The Council of Better Business Bureaus (CBBB) is warning of a clever email scam.
How did the CBBB know about this email scam?
The Better Business Bureau (BBB) nearly fell for it.
Latest Email Scams
This latest scam pretends to be an alert from the project management software your company might be using. If you’re not careful or busy and preoccupied, there’s a good chance it will fool you. You’ll click on the email to respond to your manager, team project coordinator or another official sounding title the scam has used.
Once you open the email, you grant access to your computer or download malware.
Hackers can get personal details about employees, financial data, passwords, and even customer information if the data is on the same system.
Avoiding Workplace Scams
Avoiding workplace scams requires a comprehensive security policy across the entire organization with strict governance. Having a system in place to quickly report any suspicious activity and taking immediate action will mitigate serious damage to your business.
Because no matter how good the security system you have in place is, it will always fail if only one person doesn’t follow the protocols you have in place.
The BBB says always be suspicious of unsolicited emails. If you’re not sure about the email, confirm it by going directly to the website instead of clicking the email. Because once you click it, the damage is already done.
If you are at work and you receive an email to join any new groups, make sure you know it comes from within your company or another organization you know. Again, if you are not sure get in touch with the person who supposedly sent the invitation to verify it.
In addition to official invitations, scammers also use phony emails posing as messages from office scanners, printers, IT systems, and other software. With this approach, the scammers are looking to pass off a short email as harmless in the hopes you’ll click on it quickly without thinking.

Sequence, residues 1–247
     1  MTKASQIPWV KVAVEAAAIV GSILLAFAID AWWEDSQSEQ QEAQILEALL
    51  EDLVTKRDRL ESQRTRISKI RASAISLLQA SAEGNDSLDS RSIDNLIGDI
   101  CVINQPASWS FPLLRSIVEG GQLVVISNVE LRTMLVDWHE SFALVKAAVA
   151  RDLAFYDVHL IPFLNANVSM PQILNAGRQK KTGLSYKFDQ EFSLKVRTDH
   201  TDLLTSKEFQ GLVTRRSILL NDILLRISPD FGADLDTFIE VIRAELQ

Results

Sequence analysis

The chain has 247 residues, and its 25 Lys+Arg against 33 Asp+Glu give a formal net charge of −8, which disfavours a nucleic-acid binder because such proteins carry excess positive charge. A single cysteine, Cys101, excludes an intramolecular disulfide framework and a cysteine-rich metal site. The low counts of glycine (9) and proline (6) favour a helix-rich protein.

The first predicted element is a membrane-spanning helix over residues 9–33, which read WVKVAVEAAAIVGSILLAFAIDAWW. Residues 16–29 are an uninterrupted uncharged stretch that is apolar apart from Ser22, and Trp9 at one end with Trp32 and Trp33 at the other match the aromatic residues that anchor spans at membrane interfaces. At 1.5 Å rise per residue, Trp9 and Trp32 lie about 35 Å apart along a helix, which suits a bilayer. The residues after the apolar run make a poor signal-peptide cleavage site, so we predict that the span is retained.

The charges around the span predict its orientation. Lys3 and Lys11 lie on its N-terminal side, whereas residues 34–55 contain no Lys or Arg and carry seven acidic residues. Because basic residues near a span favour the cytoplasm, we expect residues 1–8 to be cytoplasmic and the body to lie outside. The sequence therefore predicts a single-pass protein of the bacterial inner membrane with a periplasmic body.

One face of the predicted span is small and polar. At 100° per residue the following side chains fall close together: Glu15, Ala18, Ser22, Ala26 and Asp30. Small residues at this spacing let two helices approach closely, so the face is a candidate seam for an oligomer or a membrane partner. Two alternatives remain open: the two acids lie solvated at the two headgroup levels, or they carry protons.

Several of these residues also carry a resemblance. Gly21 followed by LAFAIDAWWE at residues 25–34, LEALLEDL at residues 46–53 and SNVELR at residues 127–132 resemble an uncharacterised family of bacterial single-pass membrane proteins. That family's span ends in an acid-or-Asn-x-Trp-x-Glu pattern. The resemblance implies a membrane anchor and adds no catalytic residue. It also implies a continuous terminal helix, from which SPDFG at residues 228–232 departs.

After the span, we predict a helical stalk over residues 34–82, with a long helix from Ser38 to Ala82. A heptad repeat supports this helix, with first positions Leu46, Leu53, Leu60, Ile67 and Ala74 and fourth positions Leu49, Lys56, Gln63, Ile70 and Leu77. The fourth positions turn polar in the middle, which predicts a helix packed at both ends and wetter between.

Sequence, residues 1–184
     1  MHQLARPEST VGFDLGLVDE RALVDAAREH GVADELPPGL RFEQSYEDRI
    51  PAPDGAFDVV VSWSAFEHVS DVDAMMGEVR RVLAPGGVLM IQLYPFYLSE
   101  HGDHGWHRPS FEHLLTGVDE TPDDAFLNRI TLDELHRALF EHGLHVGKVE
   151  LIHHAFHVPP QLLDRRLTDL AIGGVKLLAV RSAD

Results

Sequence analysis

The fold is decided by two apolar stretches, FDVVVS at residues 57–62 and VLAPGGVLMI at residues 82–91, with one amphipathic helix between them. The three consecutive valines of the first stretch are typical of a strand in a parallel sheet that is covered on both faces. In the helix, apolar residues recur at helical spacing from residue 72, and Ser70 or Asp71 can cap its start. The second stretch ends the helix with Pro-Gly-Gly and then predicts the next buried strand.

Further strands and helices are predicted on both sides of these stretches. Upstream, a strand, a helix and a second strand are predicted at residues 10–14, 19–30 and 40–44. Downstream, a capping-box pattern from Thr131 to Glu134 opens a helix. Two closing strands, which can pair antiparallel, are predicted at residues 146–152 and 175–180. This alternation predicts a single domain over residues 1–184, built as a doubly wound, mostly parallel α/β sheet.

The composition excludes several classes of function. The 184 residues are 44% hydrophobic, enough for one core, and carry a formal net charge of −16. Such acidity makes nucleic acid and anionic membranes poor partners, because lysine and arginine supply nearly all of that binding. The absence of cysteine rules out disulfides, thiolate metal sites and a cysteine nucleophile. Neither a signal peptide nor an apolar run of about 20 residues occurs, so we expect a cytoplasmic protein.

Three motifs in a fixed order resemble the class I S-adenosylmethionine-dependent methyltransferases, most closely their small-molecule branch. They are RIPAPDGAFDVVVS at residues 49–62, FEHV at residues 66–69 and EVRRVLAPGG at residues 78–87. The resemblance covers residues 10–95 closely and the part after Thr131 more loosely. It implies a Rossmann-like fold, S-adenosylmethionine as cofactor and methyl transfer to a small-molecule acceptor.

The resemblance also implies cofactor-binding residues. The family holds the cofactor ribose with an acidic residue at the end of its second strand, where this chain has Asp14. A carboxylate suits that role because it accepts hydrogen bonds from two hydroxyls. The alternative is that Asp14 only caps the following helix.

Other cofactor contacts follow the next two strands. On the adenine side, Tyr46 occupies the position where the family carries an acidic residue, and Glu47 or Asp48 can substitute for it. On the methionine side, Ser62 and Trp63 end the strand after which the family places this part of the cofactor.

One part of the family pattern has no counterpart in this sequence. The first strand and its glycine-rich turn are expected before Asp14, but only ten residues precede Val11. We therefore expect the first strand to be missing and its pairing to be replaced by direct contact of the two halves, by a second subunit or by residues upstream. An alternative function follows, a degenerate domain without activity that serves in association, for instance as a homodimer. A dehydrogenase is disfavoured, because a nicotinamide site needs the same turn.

The 2018 Data Breach Investigations Report from Verizon said almost half or 49% of malware in the workplace was installed through emails. According to the report, this is because workers couldn’t identify a phishing email.
In the report, Verizon warns, “Most attacks are opportunistic and target not the wealthy or famous, but the unprepared.”
If you are a small business owner, this warning is a wakeup call. Whether you are a sole operator or you have many employees, you have to increase awareness of the entire digital threat environment at all times. This includes knowing how to spot a phishing email.
What if you Fall for the Scam?
If you fall for the email scam and you open it, the BBB says don’t panic. According to the organization taking immediate action without thoroughly thinking it over is what the scammers want you to do.
The BBB says don’t give in to your fear, so thoroughly research what has taken place before you make any decision.
Consult your IT security expert if you have one. If you don’t have an in-house expert you can go to BBB.org/SmallBusiness for resources and advice.
While you are at it please report the scam and your experience at BBB.org/ScamTracker. This informs other small businesses about the scam so they won’t fall victim to it.
The ScamTracker is a great way to stay abreast of the latest scams criminals across the country are commiting. If you want to learn more about scams you can go to the BBB.org/ScamTips and at BBB.org/PhishingScam.
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